There is a big difference in how the Patriots offense operates since the last two teams met in the Super Bowl. In Super Bowl XLII, the Pats offense relied on deep threat Randy Moss taking the top off the defense, in order to clear out room for Wes Welker and the underneath passing game.
This was a long developing process, which stalled out to due the enormous volume of Giants pressure led by Justin Tuck, Michael Strahan and Osi Umenyiora. Although Strahan has traded his cleats for a microphone, young phenom Jason Pierre-Paul has been the Giants most consistent and best defensive player. The Giants front four is still one of the NFL's most elite unit, just as it was during the 2007-2008 season, so there's not much difference in the problems that they present for the Patriots offensive line.
What is most likely to happen?
If the Patriots have any chance of winning, they will need to neutralize the ferocious New York pass rush. This could include chipping Pierre-Paul and Umenyiora with Gronkowski and Hernandez, or using right tackle Nate Solder as a tight end in an extra offensive lineman set.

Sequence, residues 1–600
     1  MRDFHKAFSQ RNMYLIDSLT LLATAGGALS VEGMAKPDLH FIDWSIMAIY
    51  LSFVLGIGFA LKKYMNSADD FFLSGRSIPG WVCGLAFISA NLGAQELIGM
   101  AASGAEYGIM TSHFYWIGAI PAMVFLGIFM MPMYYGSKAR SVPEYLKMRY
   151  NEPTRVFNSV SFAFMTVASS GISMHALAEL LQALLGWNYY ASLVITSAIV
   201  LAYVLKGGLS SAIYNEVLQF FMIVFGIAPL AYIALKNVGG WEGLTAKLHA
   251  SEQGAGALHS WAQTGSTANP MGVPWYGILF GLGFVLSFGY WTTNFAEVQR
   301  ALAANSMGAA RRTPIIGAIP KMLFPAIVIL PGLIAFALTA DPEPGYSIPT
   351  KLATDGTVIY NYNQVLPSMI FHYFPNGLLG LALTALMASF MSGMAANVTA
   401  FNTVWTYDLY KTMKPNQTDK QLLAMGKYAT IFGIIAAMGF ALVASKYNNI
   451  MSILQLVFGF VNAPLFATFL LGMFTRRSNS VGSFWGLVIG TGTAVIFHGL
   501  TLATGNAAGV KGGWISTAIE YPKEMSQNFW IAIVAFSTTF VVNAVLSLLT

The nucleus of the Pats offense is now two young tight ends who can find space in just about any type of coverage. By depending on shorter developing passes, the Patriots should be able to minimize the pass rush.
However, when you face an active defensive line like that of the Giants, you expect them to make exceptional plays regardless of how the offense draws it up, deflect balls at the line, and they will confuse Brady with different looks and stunts that will create big plays (sacks/forced fumbles).
That being said, I expect the pressure to be more in control than it was in Super Bowl XLII and when Brady does have time, he will exploit his matchups down the field.
It's no secret that the Patriots secondary is their weak link. There is no Asante Samuel or other elite corner anchoring their secondary this go around vs. the Giants. Combine that with Eli Manning playing at the highest level of his career and one of the deepest sets of WR's in the NFL, and that doesn't bode well for the Pats.
Hakeem Nicks has one of the best combinations of size, power and speed of any receiver in the NFL. When he isn't among the league leaders in drops he can be considered a top NFL receiver. Typically, one would think that Devin McCourty, a second year corner back coming off a pro bowl in his rookie season would be the one assigned with the task to cover Nicks.